More than 850 babies born addicted to drugs in last four years

Scottish Liberal Democrat leader describes figures as 'heartbreaking' and calls on Scottish Government to act.

More than 850 babies born addicted to drugs in last four years iStock
More than 850 babies born dependent on substances since 2017 in Scotland.

More than 850 babies addicted to drugs have been born in Scotland over the last four years.

A total of 173 such births were recorded in both 2019-20 and 2020-21, down from 205 in 2018-19 and 249 in 2017-18, according to data compiled by the Scottish Liberal Democrats using data obtained under Freedom of Information laws.

In addition to this, a further 52 babies were born addicted in the first part of 2021-22.

The largest number of births where infants were suffering from neonatal abstinence syndrome (NAS) was in NHS Lothian, where there were 434 such cases, followed by 143 in NHS Greater Glasgow and Clyde and 118 in NHS Grampian.

NAS is when a baby shows signs of drug addiction as a result of their mother taking legal or illegal drugs during pregnancy.

NHS Shetland and NHS Fife both failed to provide figures on such births – which can result in infants suffering from uncontrollable trembling and hyperactivity as well as having blotchy skin and high-pitch crying.

Scottish Liberal Democrat leader Alex Cole-Hamilton described the figures as being “utterly heartbreaking”, adding: “It is hard to think of a worse possible start in life for a newborn baby to have to endure.”

He criticised SNP ministers, saying: “In 2016, the Scottish Government slashed funding to drug and alcohol partnerships by more than 20%.

“Valuable local facilities shut their doors and expertise was lost which has proved hard to replace.

“Scotland now has its highest-ever number of drug-related deaths. The Scottish Government has belatedly begun to repair that damage but there is so much more to do.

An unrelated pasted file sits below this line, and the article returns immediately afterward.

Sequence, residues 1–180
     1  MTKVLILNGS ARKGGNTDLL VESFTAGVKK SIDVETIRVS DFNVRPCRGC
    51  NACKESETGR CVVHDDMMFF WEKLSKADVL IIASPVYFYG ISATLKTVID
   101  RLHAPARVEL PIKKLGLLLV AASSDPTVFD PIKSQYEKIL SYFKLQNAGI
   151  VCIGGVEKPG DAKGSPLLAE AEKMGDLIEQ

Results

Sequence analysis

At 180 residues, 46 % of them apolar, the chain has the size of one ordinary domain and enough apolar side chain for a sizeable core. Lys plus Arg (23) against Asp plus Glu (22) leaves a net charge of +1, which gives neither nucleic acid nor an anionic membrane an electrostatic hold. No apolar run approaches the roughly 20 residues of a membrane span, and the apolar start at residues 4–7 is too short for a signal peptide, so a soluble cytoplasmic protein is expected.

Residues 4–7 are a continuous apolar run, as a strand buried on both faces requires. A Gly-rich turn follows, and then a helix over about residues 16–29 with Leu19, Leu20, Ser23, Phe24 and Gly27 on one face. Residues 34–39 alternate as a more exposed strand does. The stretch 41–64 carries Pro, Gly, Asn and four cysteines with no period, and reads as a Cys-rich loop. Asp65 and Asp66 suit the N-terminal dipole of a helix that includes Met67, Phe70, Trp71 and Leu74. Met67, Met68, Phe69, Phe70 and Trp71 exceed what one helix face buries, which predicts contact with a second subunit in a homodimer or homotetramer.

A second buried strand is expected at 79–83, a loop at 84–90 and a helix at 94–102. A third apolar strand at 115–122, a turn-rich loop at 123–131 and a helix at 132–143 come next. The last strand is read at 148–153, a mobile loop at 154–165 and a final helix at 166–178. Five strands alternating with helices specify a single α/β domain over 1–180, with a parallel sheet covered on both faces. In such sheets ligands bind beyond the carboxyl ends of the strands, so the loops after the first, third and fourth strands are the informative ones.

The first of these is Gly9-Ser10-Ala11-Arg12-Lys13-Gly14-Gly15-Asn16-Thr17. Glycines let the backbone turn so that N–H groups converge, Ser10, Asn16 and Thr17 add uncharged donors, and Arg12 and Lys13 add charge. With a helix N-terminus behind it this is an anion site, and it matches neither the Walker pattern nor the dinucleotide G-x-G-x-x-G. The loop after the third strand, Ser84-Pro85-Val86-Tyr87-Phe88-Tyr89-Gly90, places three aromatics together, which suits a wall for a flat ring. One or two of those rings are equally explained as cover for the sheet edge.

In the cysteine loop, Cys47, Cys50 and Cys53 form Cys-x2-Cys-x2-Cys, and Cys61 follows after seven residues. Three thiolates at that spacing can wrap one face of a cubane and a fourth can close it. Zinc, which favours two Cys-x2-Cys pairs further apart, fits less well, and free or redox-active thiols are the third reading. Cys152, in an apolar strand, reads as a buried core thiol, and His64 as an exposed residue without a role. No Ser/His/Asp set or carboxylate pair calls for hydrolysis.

“It is time for radical action, not just to help people struggling with drug misuse today but for future generations too.

“That means investing in local services which are best placed to intervene to stop lives from being lost and new lives starting dependent on substances.”

Figures published by the National Records of Scotland (NRS) last year revealed there were 1339 drug-related deaths in 2020 – a 5% increase on the previous year’s statistics and the largest number since records began in 1996.

Cole-Hamilton continued: “Drug misuse should always be treated as a health issue, not a criminal justice matter. Anything else will condemn many more children to be born into these awful circumstances.”

A Scottish Government spokeswoman said: “Increasing investment in local services and providing support to women and families are central to the public health approach being taken in Scotland through our national mission to tackle the drug deaths emergency.

“The national mission is backed up with an additional £250m to improve and increase access to treatment and recovery services for people affected by problem drug use.

“This includes direct funding of £3m per year to support families as well as £3.5m additional funding for services to provide support through the Whole Family Framework launched in December 2021.”

“This Government has also agreed in principle to fund a national specialist residential family service which will be run by the charity and housing association, Phoenix Futures, and based in Saltcoats, North Ayrshire, to support single parents or couples along with their children. The service will also support women through their pregnancy and into motherhood.”